Honolulu (/ˌhɒnəˈluːluː/; Hawaiian: [honoˈlulu]) is the capital and largest city of the U.S. state of Hawaii. It is an unincorporated part of and the county seat of the City and County of Honolulu along the southeast coast of the island of Oʻahu.[a] The city is the main gateway to Hawaiʻi and a major portal into the United States. The city is also a major hub for international business and military defense, as well as being host to a diverse variety of east-west and Pacific cultures, cuisine, and traditions.
Hawaiian legend indicates a settlement at Honolulu (meaning “protected bay”) in 1100. Overlooked by Captain James Cook and other early explorers, the harbour with its outlet through the reef of Nuuanu Stream and sheltered by Sand Island was entered by Captain William Brown in 1794. After 1820 Honolulu assumed first importance in the islands and flourished as a base for sandalwood traders and whalers. A Russian group arrived there in 1816, and the port was later occupied by the British (1843) and the French (1849) but was returned to King Kamehameha III, who on August 31, 1850, officially declared Honolulu a city and the capital of his kingdom (Honolulu had been the de facto capital since 1845). In December 1941 the city and the adjacent Pearl Harbor naval-military complex came under Japanese aerial attack. Honolulu became a prime staging area for the remainder of World War II, a position it retained during the Korean War and until the end of the Indochina (Vietnam) conflict in 1973. Military expenditure remains an important source of income.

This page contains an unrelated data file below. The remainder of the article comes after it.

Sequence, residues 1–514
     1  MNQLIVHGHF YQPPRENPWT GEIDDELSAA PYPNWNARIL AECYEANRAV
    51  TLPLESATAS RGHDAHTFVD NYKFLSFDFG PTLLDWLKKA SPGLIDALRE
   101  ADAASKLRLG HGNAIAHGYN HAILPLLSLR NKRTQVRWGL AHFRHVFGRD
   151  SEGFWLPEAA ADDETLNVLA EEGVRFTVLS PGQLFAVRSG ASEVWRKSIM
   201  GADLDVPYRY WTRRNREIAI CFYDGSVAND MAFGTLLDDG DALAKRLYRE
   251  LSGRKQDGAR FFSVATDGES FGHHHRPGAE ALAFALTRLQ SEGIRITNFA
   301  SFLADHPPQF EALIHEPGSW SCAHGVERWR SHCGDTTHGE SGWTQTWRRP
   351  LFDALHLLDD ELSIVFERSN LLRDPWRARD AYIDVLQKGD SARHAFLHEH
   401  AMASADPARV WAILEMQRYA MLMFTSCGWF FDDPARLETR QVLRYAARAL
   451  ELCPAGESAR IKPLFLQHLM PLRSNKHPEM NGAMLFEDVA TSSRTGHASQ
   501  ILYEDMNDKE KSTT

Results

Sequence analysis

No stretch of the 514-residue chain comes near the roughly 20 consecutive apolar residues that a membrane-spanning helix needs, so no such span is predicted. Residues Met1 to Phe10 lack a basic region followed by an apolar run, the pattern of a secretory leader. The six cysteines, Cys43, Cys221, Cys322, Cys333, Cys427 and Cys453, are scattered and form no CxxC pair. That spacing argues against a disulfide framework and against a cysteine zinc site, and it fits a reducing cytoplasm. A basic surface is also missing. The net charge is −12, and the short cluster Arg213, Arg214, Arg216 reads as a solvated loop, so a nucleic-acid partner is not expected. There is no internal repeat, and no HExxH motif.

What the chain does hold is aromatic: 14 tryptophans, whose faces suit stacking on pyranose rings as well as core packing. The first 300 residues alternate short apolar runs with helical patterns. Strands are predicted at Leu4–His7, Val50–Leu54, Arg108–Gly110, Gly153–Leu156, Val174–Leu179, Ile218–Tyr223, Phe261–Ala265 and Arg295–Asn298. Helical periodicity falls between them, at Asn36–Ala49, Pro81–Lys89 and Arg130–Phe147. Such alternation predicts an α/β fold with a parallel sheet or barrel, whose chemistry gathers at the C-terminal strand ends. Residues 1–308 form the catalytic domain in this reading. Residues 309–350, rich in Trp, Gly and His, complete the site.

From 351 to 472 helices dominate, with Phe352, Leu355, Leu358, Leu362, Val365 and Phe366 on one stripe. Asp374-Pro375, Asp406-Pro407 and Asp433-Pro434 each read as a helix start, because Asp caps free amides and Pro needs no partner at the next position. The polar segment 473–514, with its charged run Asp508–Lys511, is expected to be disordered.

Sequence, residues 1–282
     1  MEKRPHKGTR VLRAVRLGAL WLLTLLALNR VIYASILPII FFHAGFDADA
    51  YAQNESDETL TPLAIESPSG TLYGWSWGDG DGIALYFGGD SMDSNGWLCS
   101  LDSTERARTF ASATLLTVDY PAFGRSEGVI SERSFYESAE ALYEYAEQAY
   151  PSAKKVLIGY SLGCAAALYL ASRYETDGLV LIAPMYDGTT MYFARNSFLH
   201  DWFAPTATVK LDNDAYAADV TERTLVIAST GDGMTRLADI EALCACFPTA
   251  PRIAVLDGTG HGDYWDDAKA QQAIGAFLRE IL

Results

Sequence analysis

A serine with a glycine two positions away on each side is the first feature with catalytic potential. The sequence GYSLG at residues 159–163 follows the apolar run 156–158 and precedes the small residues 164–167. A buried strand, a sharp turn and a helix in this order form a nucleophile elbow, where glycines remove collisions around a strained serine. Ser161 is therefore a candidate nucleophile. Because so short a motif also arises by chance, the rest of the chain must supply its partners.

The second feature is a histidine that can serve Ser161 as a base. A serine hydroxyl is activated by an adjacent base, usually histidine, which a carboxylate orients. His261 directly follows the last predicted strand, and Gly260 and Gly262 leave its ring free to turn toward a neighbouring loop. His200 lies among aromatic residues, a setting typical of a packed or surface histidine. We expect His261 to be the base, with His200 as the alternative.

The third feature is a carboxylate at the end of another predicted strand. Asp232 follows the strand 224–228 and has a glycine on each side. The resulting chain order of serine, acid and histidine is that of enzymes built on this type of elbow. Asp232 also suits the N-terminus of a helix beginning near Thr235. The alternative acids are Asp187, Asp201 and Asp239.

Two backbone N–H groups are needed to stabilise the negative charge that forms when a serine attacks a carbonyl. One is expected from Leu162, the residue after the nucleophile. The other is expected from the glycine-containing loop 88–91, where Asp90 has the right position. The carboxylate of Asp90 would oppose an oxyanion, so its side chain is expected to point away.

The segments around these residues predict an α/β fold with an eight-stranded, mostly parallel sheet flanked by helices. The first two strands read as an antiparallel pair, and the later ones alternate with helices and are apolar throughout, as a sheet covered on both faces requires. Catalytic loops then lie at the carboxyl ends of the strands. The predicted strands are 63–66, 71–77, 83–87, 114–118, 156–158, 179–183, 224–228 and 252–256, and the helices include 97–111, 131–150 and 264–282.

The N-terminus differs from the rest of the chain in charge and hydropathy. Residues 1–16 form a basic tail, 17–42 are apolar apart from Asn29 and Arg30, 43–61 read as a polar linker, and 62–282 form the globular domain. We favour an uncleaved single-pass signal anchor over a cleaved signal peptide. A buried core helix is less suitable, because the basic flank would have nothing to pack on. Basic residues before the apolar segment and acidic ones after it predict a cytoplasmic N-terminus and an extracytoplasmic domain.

Tourism is the most important industry in Hawaii, especially in Honolulu, which is the leading economic center of the state. Tourism brings between $8 billion and $9 billion to the state each year, or about 55 percent of all income. The military contributes about 19 percent while services and merchandise contribute about 26 percent. During 1998–99, while the mainland United States was thriving economically, Honolulu and the rest of Hawaii were in an economic downturn. Hawaii is highly dependent on Japanese tourism, but the Asian economic crisis cut into the number of visitors.
Honolulu is located at the crossroads of transpacific cargo carriers, and its port has extensive shipping facilities. The port also serves local industries, including pineapple canneries, sugar refineries, and clothing factories.
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